- He tells the truth.
- He tells people about God’s will for people.
- He does not worry about whether people like what he says.
- He treats equally an unemployed teenager and a Robert Holmes a’Court.
What they say about Jesus is perfectly true. None of us would dispute their public relations patter. If we found them as a series of words about Jesus, detached from this verbal cloak and dagger encounter, we would think of them as a beautiful summary of the ministry of Jesus.
Yet here the truth of their words is distorted. Amidst the platter of strawberries lies the viper of deception. The truth becomes untruth because it is clothed in the rags of deceit.
The great Soren Kierkegaard in Volume 4 of his Journals and Papers says that ‘when truth conquers with the help of 10,000 buzzing men – assuming also that which conquers such as it is to be a truth: then by the form and method of the victory a far greater untruth is victorious.’
We can have the truth but because of what we do with it, it can become a lie.
We may be right, we may have the truth on our side, but if it is not planted in the soil of integrity it becomes a poisonous thistle.
A few weeks ago, a persuasive minster rang to invite me to chair a meeting about building extensions. Now fortunately, these days there is so much of an emphasis on spiritual gifts it is possible to say I don’t think my gift is in the area of administration and meeting chairing. But I sensed from the fact that he was calling unlikely outsiders that this may have become an issue in this church.
Issues like this have the potential to divide congregations. Pharisees and Herodians may even come together. And one side may well have the truth. All its arguments may seem clear and logical and bristling with truth, however the truth can be lost if it is not handled with integrity.
Relationships are the primary concern, so that what is said of Jesus in verse 16 can be said of us by our opponents.
Truth is a servant of love, yet it can be fashioned into a verbal bullet to pierce the armour of those who resist us, and then we have lost it, and them. But it can also be made into a ploughshare to till the soil and create a harvest of the fruits of the Spirit.
That is not to say that decisions cannot be made unless there is total unanimity, but it is to say that we must never become hypocrites in the cause of the truth, as did these people in verse 18.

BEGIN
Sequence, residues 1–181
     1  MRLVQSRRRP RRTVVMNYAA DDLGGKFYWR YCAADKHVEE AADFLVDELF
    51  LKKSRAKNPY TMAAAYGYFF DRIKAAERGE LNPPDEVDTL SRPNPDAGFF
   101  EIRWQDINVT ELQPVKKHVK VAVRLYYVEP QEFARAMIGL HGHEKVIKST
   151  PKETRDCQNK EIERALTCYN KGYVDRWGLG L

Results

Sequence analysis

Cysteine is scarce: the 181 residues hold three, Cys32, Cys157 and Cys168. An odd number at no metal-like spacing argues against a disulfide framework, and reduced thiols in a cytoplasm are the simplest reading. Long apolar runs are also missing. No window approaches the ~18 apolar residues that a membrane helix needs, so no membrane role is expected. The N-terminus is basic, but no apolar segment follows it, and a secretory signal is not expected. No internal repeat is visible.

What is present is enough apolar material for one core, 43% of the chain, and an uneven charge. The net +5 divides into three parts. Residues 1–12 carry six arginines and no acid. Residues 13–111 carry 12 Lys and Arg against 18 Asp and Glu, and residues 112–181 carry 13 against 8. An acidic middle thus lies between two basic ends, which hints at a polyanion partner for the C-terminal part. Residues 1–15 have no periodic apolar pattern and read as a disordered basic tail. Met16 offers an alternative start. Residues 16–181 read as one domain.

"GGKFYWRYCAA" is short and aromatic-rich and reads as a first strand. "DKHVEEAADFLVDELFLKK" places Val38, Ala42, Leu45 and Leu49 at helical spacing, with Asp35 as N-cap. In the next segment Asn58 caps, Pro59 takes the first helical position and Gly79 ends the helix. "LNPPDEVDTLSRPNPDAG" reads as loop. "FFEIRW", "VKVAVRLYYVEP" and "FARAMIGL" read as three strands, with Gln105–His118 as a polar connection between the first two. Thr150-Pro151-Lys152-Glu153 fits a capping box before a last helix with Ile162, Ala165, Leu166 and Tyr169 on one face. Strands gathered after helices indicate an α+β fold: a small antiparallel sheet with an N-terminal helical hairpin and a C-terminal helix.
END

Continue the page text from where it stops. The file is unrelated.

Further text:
It is a danger for us all, at church, work or Synod, to be Christians in profession, but unforgiving of that person in the church who snubbed us, who does not like our music, or who never talks to us. That is, as Jesus says in verse 18, hypocrisy (literally mask-wearers in Greek drama).
These people talking to Jesus don’t really want an answer to their question. They want to put him in a no-win situation, to make him a subversive to Rome, or a traitor to most Jews.
So Jesus’ answer speaks a word to all, then and now. Render to Caesar what is due to him, even though the Jews were heavily taxed. Render to God what is his, which is everything. Your life, your time, your family, your future, your past, your money, your brains, your needs, your problems, your hopes.
Render to Caesar your scraps, render to God your all.
So this is not a doctrine of church and state relationships, but is a call to put relationships first. Firstly with God, and also with one another. When Jesus said, ‘Love one another as I have loved you,’ he meant it. He wasn’t providing a few touches of spiritual landscaping for our human plateaus. He meant it. He expected it. He makes it possible.
So in this text, taxes are the wind, relationships are the tide, truth the catch and love the feast. Let is be said of us as Paul says in Thessalonians, Chapter 1 Verse 3, ‘For we remember before our God and Father how you put your faith into practice, how your love made you work so hard, and how your hope in our Lord Jesus Christ is firm.
By George Robert Iles